The iPhone defeats the CarPC.
It finally happened, over the weekend I dismantled the CarPC in my Mazda 3. I hadn’t turned it on in over a year due to the constant maintenance it required. But, while the blank touch screen was still visible I maintained the illusion that one day I would fix it and have it up and running again. Well, that dream ended Saturday when I ripped out the system and replaced it with my stock unit. I have been rocking the CarPC since 2003, and it was installed in my 2005 Mazda 3 from day 1.
I posted about my CarPC adventure on my site at the time, and you can still check out the installation pictures, specifications, and the pictures of the final install.
Why the sudden uninstallation?
My iPhone. Recently I have hijacking the CarPC’s audio input jack to use with both my iPhone, my girlfriend’s iPod, or whatever portable music player we could throw at it. It is just easier, a polished interface with full and up to date music libraries.
There are serious trade-offs, like the iPhone needing internet for Google Maps, and the iPhone’s turn by turn navigation doesn’t even come close the CarPC’s. However, the up to date maps and phenomenal search features of Google Maps more than make up for these limitations.
The good old days
Kareem Sultan inspired me to build a CarPC, and guided me through most of the process. Together we would brainstorm new features and outline plans for an ad-hoc wireless networks for cars to share data on the freeway. We patiently waited for the day when cellular networks lowered their bandwidth cost, or for Ottawa to launch city wide wifi. We envisioned a series of network enabled applications in your car for real time traffic, weather, news, and streaming multimedia. We wanted the full internet in our cars, but in 2003 the cellular data networks were too slow and expensive. Currently all of these are features available on the iPhone.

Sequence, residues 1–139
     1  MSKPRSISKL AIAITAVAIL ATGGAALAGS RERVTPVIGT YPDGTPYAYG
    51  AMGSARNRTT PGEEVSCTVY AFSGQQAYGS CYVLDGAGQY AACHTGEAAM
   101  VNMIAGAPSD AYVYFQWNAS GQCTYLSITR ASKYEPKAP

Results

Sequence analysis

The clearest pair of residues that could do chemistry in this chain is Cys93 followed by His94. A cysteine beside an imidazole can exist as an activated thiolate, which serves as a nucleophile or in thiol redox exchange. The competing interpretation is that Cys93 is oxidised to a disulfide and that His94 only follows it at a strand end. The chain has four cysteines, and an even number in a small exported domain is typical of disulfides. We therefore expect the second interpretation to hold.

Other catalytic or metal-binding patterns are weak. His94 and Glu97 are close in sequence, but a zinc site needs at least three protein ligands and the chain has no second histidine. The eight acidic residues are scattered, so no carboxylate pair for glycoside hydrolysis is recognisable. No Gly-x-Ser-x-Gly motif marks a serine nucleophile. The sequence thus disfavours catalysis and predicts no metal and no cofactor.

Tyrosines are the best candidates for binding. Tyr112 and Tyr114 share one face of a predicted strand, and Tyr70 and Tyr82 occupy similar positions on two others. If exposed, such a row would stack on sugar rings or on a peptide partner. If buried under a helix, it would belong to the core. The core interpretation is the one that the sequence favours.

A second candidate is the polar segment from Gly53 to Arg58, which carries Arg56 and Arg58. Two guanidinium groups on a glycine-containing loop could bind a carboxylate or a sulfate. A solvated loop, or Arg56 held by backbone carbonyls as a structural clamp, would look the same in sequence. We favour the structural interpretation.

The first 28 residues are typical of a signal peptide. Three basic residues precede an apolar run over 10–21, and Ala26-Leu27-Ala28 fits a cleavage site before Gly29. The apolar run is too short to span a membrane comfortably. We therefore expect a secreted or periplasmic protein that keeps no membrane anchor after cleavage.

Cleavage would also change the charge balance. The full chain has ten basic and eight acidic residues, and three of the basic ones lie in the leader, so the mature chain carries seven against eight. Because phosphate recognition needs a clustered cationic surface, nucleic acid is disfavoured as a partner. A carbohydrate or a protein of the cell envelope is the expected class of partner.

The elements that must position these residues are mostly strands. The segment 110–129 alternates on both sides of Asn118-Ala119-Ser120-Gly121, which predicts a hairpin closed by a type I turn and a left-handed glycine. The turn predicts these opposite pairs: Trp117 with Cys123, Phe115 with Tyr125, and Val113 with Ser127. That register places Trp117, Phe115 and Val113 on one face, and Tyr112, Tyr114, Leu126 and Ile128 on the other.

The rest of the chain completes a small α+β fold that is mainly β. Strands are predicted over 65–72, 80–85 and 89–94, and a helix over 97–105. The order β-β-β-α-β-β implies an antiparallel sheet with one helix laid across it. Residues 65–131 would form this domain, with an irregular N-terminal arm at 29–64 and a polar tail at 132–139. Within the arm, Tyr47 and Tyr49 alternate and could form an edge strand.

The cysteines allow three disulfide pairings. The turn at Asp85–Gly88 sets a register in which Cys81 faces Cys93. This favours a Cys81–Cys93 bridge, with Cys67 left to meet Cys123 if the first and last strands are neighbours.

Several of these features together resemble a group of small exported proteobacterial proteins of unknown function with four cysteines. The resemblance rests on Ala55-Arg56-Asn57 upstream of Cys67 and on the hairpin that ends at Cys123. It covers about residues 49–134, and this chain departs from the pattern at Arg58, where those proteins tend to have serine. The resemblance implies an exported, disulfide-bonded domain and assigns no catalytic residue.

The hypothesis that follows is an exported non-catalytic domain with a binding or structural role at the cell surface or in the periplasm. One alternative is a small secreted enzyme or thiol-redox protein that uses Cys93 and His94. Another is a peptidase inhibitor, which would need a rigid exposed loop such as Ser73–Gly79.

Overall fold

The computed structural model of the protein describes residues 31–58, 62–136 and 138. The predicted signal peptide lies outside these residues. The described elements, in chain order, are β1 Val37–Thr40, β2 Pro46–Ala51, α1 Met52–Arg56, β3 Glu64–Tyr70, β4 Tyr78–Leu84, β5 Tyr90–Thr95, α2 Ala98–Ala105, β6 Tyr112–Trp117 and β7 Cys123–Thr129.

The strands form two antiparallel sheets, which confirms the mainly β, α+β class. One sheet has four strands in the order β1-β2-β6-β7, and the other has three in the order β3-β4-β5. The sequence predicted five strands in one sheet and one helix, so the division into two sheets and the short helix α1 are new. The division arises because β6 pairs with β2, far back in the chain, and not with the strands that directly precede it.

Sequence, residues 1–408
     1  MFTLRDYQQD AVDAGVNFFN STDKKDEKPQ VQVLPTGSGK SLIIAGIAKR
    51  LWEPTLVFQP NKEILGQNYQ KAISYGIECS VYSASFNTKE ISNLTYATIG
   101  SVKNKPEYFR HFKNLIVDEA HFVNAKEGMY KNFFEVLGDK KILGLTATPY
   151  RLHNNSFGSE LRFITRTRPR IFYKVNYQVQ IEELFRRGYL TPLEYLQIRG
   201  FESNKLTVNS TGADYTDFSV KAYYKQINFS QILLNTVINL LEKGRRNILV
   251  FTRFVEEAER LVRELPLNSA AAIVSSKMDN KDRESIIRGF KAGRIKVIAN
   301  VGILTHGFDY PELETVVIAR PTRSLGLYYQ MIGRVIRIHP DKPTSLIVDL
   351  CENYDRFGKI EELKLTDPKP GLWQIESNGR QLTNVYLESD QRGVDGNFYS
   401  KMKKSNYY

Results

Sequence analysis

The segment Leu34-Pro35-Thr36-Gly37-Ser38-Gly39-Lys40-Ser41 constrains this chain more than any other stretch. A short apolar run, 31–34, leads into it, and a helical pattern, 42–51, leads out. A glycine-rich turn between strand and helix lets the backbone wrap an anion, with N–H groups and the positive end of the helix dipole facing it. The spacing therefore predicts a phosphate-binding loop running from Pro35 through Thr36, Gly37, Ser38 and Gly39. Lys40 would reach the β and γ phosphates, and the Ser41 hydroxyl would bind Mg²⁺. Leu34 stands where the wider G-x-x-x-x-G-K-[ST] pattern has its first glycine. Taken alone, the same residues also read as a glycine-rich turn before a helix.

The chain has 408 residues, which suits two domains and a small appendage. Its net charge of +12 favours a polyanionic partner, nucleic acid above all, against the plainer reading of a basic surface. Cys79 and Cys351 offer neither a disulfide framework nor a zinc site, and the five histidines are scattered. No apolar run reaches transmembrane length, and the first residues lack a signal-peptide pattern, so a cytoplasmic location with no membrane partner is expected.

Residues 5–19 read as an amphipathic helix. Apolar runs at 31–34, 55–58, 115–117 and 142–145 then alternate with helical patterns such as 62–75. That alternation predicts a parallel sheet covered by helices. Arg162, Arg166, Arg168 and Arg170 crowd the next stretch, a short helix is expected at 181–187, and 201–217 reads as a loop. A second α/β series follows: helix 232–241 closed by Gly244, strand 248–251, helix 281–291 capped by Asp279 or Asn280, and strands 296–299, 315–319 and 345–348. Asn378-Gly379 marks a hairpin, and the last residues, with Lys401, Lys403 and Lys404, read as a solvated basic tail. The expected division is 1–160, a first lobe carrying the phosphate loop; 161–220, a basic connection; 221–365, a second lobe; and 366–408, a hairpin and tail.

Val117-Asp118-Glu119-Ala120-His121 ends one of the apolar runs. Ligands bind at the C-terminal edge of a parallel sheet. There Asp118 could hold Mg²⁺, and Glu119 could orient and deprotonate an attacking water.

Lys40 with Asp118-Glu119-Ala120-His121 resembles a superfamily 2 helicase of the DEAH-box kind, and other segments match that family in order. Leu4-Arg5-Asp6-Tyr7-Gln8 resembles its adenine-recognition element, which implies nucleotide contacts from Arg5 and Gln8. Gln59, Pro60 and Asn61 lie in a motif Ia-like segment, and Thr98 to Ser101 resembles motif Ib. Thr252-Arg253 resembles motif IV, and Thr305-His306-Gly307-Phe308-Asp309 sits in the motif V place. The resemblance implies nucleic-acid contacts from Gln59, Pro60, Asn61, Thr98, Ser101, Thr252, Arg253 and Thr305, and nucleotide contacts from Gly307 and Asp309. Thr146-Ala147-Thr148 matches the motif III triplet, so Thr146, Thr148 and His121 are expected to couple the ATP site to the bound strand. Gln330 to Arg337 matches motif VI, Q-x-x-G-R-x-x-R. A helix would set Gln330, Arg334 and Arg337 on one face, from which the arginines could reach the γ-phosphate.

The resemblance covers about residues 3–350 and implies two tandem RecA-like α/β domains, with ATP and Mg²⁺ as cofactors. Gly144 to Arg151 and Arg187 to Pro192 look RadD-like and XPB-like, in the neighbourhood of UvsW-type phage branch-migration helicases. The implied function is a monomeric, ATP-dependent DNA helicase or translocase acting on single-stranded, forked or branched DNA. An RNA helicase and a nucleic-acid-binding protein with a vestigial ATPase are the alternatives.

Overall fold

Regardless, the adventure was fun and was worth it just for the learning experience alone. Kareem used the lessons he learned from the CarPC to create RaceDV (with my help of course). When people ask where the idea for RaceDV came from, I respond that with the amount brainstorming and experimenting we conducted the end idea was rather obvious. RaceDV’s first prototype was simply the re-purposing of the tools we had already built to fill an obvious need based on our horrible videos at the track.
So, with the CarPC officially put to bed it is time to invest in something new to experiment with. Hopefully it will spark a series of ideas which will keep my engineering mind occupied for another 5 fun years.